In my own institution we too have skeletons in our closet. We have tried hard to root them out, to change the culture, and to create working conditions where such problematic individuals can no longer flourish. But I would not put my name on this piece for fear of public vitriol against me or against my institution for lacking the credibility to participate in, much less lead, this conversation toward change. Part of the process of cleaning out our collective closets will require us to allow institutions and individuals associated with past checkered histories to participate in the cleaning efforts. Otherwise, we risk diminishing from the outset the capacity to make change system-wide.
To this end, one of the least productive set of responses to the allegations against Shavit was when Shavit’s ideological opponents on both left and right jumped in to express with a combination of smugness and schadenfreude how these allegations against his person compromised the integrity of his ideas. On the left, Shavit’s opponents drew a line between his erasure of women in My Promised Land and his assaulting of women in real life; on the right, Shavit was attacked for being as loose with his actions as he was in telling the “truth” about the massacre that he described transpiring in Lydda. In both cases, the underlying accusations against Shavit’s scholarship and credibility as an author may be rooted in legitimate arguments; in this context, however, they are debilitating in the battle against sexual assault. Individuals can have extraordinary ideas and deep flaws in their interpersonal conflict; juxtaposing the two makes it seem that personal peccadillos are predictable, and makes all debates about ideas destructively personal and oriented toward ad hominem accusation.
Third, and perhaps most importantly: the Shavit story is tragic in at least two ways. It is tragic for the victims, primarily, for what they had to experience; and it is tragic for many in the Jewish and pro-Israel communities who located in Shavit and in his book a voice of reason that articulated their complex attitudes about Israel and Zionism.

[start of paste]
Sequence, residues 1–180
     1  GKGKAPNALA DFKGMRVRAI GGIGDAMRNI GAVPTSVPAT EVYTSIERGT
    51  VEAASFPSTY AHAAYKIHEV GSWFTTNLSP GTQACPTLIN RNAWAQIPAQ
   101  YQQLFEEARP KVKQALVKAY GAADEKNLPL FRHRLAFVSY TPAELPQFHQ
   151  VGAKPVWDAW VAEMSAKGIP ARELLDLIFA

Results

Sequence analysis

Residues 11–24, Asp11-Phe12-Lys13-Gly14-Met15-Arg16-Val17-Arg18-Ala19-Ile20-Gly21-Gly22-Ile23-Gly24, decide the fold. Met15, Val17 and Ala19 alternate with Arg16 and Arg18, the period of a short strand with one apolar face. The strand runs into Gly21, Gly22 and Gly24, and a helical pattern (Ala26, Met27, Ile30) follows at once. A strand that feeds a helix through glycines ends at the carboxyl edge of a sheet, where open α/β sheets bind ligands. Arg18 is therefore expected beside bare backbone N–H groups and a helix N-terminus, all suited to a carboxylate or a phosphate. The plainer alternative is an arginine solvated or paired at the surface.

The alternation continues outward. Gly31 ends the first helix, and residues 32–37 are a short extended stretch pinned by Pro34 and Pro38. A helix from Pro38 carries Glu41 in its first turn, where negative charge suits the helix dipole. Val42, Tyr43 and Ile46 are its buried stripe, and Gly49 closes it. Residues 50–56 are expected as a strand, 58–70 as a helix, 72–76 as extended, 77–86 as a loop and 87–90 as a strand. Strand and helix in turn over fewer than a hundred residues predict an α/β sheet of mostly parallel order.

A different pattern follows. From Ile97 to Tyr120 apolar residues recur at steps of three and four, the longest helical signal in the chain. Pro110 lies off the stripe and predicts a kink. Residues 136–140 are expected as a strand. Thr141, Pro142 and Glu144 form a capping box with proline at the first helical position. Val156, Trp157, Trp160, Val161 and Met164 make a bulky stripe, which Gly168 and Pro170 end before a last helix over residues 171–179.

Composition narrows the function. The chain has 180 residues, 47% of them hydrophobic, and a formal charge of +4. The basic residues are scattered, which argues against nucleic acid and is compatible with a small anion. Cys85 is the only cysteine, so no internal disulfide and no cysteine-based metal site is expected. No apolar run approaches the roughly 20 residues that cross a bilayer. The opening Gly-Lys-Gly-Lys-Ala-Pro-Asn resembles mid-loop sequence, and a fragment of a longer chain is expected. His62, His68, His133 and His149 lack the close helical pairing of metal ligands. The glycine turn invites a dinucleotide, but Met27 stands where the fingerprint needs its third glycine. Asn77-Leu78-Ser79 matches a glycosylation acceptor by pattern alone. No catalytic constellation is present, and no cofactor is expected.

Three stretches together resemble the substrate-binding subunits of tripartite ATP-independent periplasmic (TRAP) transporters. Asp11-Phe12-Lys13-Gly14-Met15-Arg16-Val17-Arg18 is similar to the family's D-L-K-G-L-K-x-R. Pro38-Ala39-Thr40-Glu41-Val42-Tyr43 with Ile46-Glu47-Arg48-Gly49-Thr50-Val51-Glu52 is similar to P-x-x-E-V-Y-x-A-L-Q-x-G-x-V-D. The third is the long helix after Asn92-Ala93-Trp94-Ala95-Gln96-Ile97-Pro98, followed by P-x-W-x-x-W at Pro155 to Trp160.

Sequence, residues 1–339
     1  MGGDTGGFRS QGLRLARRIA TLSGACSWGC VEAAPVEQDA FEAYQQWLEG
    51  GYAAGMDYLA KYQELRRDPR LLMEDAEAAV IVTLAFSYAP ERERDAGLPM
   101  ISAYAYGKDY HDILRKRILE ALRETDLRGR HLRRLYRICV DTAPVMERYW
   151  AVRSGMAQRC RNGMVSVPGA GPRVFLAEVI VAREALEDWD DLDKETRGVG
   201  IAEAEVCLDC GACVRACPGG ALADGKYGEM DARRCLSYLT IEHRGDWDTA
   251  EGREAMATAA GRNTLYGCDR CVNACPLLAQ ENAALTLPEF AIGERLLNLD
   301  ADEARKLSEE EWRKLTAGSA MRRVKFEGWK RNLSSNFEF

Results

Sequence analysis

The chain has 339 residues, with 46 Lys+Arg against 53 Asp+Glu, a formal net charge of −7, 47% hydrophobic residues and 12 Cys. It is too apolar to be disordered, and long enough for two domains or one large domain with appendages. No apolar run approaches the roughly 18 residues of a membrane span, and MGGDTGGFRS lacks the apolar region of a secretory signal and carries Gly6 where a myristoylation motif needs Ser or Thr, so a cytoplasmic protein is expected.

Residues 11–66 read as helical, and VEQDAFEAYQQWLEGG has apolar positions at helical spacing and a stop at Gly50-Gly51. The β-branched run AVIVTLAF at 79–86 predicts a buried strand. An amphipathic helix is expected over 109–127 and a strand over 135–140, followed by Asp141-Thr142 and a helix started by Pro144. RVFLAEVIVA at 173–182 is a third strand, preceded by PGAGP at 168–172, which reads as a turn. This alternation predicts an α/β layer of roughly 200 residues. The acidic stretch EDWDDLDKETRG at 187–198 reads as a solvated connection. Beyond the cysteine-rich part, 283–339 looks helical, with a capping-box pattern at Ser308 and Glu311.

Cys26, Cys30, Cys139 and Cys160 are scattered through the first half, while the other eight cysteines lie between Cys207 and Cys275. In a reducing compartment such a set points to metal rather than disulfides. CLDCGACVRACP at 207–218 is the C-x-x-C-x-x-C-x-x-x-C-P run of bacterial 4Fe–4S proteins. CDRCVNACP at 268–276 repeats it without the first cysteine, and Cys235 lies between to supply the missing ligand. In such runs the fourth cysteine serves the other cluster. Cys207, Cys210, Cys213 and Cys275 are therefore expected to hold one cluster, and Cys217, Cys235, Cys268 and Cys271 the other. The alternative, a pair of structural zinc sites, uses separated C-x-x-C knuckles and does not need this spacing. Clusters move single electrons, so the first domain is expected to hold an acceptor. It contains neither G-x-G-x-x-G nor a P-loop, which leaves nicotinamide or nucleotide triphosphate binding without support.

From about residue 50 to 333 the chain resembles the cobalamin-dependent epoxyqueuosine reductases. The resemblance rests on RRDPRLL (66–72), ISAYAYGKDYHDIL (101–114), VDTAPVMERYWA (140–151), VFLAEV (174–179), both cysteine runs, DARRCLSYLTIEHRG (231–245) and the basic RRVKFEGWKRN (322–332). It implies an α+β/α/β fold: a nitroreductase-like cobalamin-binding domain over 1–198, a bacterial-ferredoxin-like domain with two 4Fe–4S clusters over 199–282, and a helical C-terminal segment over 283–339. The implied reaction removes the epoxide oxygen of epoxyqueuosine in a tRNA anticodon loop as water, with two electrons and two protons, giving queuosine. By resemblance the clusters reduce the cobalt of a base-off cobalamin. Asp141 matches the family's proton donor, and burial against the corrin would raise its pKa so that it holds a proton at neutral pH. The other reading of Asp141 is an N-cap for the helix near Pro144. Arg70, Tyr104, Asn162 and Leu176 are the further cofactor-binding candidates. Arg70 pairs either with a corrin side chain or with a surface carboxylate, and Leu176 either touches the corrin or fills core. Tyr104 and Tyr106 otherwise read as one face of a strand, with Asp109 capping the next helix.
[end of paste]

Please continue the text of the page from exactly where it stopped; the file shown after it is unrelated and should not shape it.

People need intellectual and spiritual heroes, and having such heroes is not a sign of weakness. In many cases of predatory abuse it is important to differentiate between the legitimacy of the craving for a mentor-mentee relationship by both the perpetrators and those on whom they prey, and the predatory behavior as a violation of the integrity and importance of that very relationship. We are not served well by dismissing out of hand the power of iconic individuals, ideas, and the kind of spiritual and intellectual heroism that is on display when extraordinary people can wield sway over others. We are bidden, rather, to take seriously the brokenness that many in the world of liberal Zionism are experiencing in feeling that their strongest ambassador is felled by his own failings, and to find ways to support these communities even as we indicate clearly that having good ideas is no substitute for proper human conduct.
Finally, there are implications for the broader community that creates the market in which charismatic leaders operate. We have a lot of work to do in changing the attitudes of Jewish leaders and learners to recognize that multi-vocal leadership is both wiser and more ethical than the commodity we have attached to extraordinary and iconoclastic individual leaders. This idea is a hallmark of the rabbinic tradition, whose de-emphasis of the individual in favor of the more sustainable wisdom of the collective has to be granted some of the credit for the extraordinary legacy of Jewish continuity. Too often we value the extraordinary and charismatic people who offer good ideas more than the ideas themselves. This raises the stakes around the moral successes and failures of those individuals, and it locates too much power in them rather than in the communities from which their power is meant to derive. The challenge before us is not just to weed out the deceptive individuals in our midst who manipulate the power at their disposal to take advantage of others; it must also be to change the culture around how power is assigned to individuals, and to devalue the currency associated with charismatic leadership. This is a collective responsibility, not an individual one.
I hope this will be a useful trigger for a conversation. The bravery of some – in this case, Danielle Berrin and the many women who have followed in her path to tell their stories publicly for the first time – challenges us to build a communal ecosystem that honors their courage, and which creates the conditions with a new and healthier normal. This has been a moment for America, and now it is time for the Jewish community. We must be better.
Shaul Ben David is a senior professional at a Jewish communal organization.